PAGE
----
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Legacy of Iron Hill

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It was once the centre of iron-mining activities, a town that boomed with activities and jobs for 8,000 people. It is one of the plants for processing iron. It was 50 years ago when the first Jalur Gemilang being hosted at Padang Astaka in Bukit Besi (Iron Hill), Terengganu to celebrate the historic Merdeka Day. At that time, the old “Iron Town” was still lively and filled with activities.

But today, it is far from what it used to be. It is now very quiet – especially in the hills. In the old days, convoys of heavy vehicles and mining vessels snaked their way up the hills amidst sounds of activities and explosions from the mines. Indeed, Bukit Besi was well-known, not only in this region, but throughout the world including America and Japan. At that time, nobody would have thought that Bukit Besi would just ‘die away’ like this,” said a former iron ore miner, 72-year-old Mat Husin Abdullah.


Bukit Besi, located 85km from Kuala Terengganu and formerly known as Permata Bumi or literally the “Jewel of the Earth”, was first opened for iron-ore mining in 1916. But, about a century later, the mines were closed when the lodes were depleted. Initially, the mining was undertaken by a Japanese company but it was taken over by the British after the world war in 1945.

Later, another company from America, known as the Eastern Mining & Metal Company Limited (EMMCO) took over the operations until the place was closed in early 70s. Nearly 8,000 workers, including foreigners, were employed in the mines.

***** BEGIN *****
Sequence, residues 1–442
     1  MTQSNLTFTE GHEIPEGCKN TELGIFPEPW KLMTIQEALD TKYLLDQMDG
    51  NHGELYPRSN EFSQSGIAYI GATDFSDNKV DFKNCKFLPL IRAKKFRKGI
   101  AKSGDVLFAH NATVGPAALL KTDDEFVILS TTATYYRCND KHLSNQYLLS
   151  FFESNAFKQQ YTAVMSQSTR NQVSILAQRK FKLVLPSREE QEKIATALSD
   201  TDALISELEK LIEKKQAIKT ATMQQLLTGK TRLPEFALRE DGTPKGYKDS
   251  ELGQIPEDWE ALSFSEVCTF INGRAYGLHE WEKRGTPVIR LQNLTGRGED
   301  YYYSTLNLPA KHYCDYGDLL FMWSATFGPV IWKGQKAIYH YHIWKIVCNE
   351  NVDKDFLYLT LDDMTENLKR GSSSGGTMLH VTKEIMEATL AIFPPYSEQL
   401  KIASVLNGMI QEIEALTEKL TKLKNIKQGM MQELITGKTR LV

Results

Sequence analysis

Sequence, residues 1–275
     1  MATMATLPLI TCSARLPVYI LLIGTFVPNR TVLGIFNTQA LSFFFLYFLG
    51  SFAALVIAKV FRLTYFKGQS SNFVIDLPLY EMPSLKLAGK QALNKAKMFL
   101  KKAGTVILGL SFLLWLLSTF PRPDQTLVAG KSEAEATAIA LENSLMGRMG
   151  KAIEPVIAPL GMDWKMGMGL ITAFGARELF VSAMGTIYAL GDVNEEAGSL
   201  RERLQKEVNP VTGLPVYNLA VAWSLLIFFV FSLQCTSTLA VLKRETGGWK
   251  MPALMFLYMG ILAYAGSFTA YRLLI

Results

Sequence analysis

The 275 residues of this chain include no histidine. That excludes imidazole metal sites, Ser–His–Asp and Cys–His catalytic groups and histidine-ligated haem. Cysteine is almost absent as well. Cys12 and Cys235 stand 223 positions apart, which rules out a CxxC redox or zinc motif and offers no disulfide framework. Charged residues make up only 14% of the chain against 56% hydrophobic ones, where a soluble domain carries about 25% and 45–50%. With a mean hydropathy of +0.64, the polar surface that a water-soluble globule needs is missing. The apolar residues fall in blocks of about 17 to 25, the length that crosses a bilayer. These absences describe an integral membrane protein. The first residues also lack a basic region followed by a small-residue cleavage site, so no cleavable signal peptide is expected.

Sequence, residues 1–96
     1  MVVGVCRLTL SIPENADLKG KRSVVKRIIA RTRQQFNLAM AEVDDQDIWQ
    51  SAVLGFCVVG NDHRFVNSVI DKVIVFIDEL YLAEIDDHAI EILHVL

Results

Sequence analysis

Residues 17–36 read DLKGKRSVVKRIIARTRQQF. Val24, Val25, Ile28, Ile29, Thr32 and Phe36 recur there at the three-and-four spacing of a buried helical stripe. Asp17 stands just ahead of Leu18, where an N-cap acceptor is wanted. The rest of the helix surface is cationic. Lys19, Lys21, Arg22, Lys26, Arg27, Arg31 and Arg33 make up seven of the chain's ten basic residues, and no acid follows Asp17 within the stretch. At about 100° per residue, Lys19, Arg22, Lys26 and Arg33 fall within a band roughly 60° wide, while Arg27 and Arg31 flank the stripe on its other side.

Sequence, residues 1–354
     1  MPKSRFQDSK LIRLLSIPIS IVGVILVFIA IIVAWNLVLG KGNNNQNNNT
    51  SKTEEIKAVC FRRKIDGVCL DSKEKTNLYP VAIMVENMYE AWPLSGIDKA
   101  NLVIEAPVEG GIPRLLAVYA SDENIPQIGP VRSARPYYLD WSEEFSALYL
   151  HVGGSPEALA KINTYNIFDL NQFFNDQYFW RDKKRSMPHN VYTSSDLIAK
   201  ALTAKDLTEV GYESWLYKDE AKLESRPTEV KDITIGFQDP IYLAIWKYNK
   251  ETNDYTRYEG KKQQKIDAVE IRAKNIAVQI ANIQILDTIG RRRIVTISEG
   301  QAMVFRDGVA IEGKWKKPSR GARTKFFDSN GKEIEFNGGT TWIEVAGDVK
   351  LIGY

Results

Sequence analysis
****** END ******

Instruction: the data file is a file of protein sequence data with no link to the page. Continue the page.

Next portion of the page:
Besides providing the locals with jobs, the company also provided a better and modern standard of living for the workers compared to people in other parts of Terengganu. The nearest town is Dungun, about 30km away.

Bukit Besi used to be known as Bukit Seri Bangun and stood at 400m high. It was the centre for mining activities. But somehow, the hill does not seem to be that high now and plants that used to grow on the slopes have disappeared. The whole place looks ghostly.

Saving A Legacy
In an effort to save the legacy of Bukit Besi, the Terengganu State Government has decided to gazette all the former iron-mine sites in and around it as historical heritage.

Terengganu State Culture, Youth, Sports and Non-Governmental Organisation (NGO) committee chairman Din Adam said several lots had been identified and allocated for the project, including a site for a museum.

Among the places earmarked are Bukit Seren and Bukit Tebuk, two distinguished landmarks of the iron-mine town. Also included for preservation are the remains of the mining equipment as well as railway tracks and tunnels for transporting and processing the iron ore.

How To Get There
From Kuantan, drive along the interior road passing through Bandar Al-Mukhtafi Billah Shah (Ketengah) for 170km before turning into Bukit Besi on the left. It is 32km from Dungun and 90km from Kuala Terengganu.

Credit to: Encik Alias Mohamed and History of Bukit Besi.
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